In the first category, there have been a couple of recent cases where the employees had spent their entire careers working for or with one company. The trend appears to be that these kinds of employees are entitled to reasonable notice on the longer end of the spectrum. This is especially the case where the employee's skills are not highly transferable or are "out of date". For example, in Currie v. Nylene Canada, the Ontario Court of Appeal upheld the exceptional award of a 26-month notice period for a 58-year-old employee who had worked for the same company since leaving high school at 18. Her skills were specialized to the company and despite her diligent efforts her computer skills were limited. A similar approach was adopted in the Ontario Superior Court case of Sandham v. Diamond Estates Wines & Spirits, where a 64-year-old employee was awarded 24 months. The Court expressly took account of the fact the employee had spent his whole working life selling just the products of this one company.

On the other hand, in the related cases of Flack v. Whiteoak Ford Lincoln Sales Limited and Ewach v. Whiteoak Ford Lincoln Sales Limited, the Court considered the reasonable notice entitlements of a pair of 61-year-old plaintiffs, who had been employed for 9 months and 19 months. In awarding reasonable notice of 2 months and 2.5 months, respectively, the Court emphasized that absent any other factors, short service tends to push the needle toward a lower period. Moreover, the fact the employees were older did not necessarily entitle them to a greater notice period - the Court noted that age may be desirable for some positions and an impediment for others.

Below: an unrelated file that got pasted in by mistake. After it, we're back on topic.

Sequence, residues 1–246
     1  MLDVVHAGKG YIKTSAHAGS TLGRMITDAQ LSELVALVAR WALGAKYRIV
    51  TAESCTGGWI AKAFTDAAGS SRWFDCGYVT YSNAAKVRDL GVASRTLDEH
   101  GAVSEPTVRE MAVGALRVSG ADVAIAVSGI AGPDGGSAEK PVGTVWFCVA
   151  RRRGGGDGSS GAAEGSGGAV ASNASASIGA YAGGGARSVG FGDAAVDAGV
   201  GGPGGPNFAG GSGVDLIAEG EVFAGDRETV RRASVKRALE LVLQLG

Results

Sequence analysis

These decisions highlight the underlying principle of reasonable notice - it is intended to provide an employee with a reasonable amount of time to find new employment. For employees who have worked in one job their whole life and know only that job, it will reasonably take them longer to find new work. On the flipside, an experienced, older employee with a relevant skillset may encounter fewer barriers to finding new work quickly.

III. Personal or health circumstances

In considering all of the circumstances, we are also seeing Courts account for personal or health circumstances which may impact an employee's ability to secure a new position.

In the decision of Nahum v. Honeycomb Hospitality Inc., the fact the employee was 5-months pregnant at the time of termination was an important factor in assessing her reasonable notice entitlements. While the Court noted that pregnancy does not automatically lengthen the notice period, in this employee's case it was found it did make it difficult for her to find work in the competitive job market.

The Courts have also considered how an individual's medical conditions may impact their ability to find alternative employment. In the case of Dizka v. Vantage Machine Shop Ltd., a 60-year-old employee was terminated while on a medical leave of absence following a stroke. In awarding a 24-month notice period, the Court noted that the employee's medical condition resulted in their being limited comparable employment available to him.


These are only a few examples of recent decisions by the Ontario courts on the topic of reasonable notice. However, they underpin the circumstance-specific approach being adopted by the Courts. We are seeing decision makers do a careful review of all the facts, including both those that would make it easier and harder for the employee to find new employment, when determining reasonable notice entitlements.

Employers who may be on the hook for reasonable notice entitlements are encouraged to carefully consider the employee's unique situation prior to make any offers. Moving forward, employers are also encouraged to consider including or updating termination provisions in their employment contracts to best mitigate against reasonable notice related risks.

On the other hand, employees are encouraged to speak with legal counsel prior to accepting any offers on a termination. They may have greater entitlements than they realize.

Lee Workplace Law would be happy to answer any questions you may have arising from a termination of employment.